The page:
When was the last time you took a chance?
For the small group of friends in Flying A Kite At Night During A Storm, taking a chance means many things: letting go, learning to love, allowing yourself feel again after a staggering personal loss. In turn amusing and poignant, this is a story about the foundations of friendship and overcoming fear: the fear of loneliness, the fear of the unknown, the fear of life and ultimately, the fear of not having lived to your full extent.
From the first page of this extraordinary work, you are asked: in an age where your life can change in a single instant with a single act how much would you be willing to risk?
Are you ready to take a chance?
|Product dimensions:||5.98(w) x 9.02(h) x 0.53(d)|
Most Helpful Customer Reviews
This is a very wonderful book to read, Thomas Long's let you know how to handle any kind of situation you can get into, and how to handle what is coming next. You do have to let go of your past and move forward. I know I did.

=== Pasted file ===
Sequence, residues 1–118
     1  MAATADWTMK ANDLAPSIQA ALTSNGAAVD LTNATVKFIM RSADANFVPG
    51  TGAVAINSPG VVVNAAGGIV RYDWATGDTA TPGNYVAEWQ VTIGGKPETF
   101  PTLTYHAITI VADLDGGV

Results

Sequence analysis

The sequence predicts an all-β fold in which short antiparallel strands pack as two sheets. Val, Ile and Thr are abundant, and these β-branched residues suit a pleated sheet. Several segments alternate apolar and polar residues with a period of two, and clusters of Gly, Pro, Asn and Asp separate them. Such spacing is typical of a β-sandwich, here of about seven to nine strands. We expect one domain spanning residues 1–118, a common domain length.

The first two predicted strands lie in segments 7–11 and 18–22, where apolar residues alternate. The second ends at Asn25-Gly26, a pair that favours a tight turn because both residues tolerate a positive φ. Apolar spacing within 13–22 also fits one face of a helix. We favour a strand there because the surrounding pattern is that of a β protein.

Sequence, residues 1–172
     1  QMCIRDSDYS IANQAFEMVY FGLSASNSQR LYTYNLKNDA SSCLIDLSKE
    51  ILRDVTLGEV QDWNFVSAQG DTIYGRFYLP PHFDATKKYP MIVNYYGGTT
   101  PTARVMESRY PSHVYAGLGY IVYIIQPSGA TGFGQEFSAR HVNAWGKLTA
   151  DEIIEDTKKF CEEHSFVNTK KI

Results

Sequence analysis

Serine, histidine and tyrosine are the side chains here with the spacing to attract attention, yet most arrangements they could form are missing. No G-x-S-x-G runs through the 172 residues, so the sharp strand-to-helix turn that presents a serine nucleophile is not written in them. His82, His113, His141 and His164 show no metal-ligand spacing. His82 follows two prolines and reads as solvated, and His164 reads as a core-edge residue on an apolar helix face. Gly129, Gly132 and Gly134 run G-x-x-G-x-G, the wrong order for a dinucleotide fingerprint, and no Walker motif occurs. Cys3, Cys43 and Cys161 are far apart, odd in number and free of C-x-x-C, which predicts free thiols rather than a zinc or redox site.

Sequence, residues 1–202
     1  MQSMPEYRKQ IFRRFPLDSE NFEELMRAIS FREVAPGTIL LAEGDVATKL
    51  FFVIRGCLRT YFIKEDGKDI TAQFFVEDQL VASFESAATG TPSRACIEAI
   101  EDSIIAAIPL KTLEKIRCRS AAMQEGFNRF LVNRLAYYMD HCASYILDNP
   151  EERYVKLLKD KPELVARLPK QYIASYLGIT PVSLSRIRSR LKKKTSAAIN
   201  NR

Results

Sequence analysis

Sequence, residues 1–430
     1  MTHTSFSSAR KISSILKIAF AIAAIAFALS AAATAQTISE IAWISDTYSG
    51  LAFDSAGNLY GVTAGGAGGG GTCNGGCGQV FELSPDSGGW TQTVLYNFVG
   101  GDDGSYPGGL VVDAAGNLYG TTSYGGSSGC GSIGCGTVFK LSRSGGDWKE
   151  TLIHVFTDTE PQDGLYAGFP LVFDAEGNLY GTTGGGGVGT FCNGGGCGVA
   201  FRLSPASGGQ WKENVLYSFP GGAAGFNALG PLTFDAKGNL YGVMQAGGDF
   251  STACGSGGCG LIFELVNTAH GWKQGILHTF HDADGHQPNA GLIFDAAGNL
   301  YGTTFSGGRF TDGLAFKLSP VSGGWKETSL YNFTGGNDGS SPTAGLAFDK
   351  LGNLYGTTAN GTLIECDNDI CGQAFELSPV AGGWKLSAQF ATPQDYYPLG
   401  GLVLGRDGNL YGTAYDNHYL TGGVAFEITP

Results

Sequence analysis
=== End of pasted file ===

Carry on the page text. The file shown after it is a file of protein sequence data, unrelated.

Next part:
*Flying A Kite At Night During A Storm* is not really about losing a partner to death, realizing you were sexually abused as a child, breaking up with a lover, coming out after more than 20 years of marriage, fears about growing old alone, being estranged from your family, facing financial problems, or being leery about entering a relationship where your common sense is telling you 'it can't possibly work.' True, at least one of the characters in this novel goes through each of those things, but the book deals more with how they got beyond the 'rotten hand' they initially felt that fate may have dealt them, and managed to go on with their lives. The approach isn't based on book psychology or spirituality, but common sense. So it is really about letting yourself grieve and gradually letting go, putting your past behind you, not being afraid of change but accepting it as a natural part of living, taking charge of your own happiness, and realizing ... in a phrase spoken by one character and often quoted throughout ... 'You can't ask, you gotta DO.' The story's narrator is 40ish Tom, who has been living in domesic bliss for almost 20 years with his partner Hank. His life falls apart in the first few pages of the book, when he hears a gunshot outside and sees that his lover was shot dead in front of their home, in a robbery attempt. We meet his good friends who provide support and encouragement to help him get through the funeral and the grieving that feels like it will go on forever. There's Victor and Susan, the married couple next door. Also neighbors are (gay couple) Rick and James, and (lesbian couple) Tina and Louise. There's also Barry, an older friend and Tom's lawyer, who is single, spends more than he earns, and has a substance abuse problem. Last but not least, there is Grayson, Victor and Susan's son whom Hank and Tom knew since he was a baby, but who re-enters Tom's life after Hank's death as a 21 year old coming to terms with his being gay. The multitude of characters are fleshed out over the story, and each face a crisis of their own, making it clear that few of us are spared from having to evolve as our world changes around us. Personal note: I recently lost a good friend of almost 20 years to cancer (passed away less than 6 months after diagnosis), and the message in this simple novel definitely helped me better deal with my residual feelings about that, as it likely will for anyone else who needs encouragement. But this atypical story is engaging enough on its own to allow any reader to enjoy it, and I recommend it highly.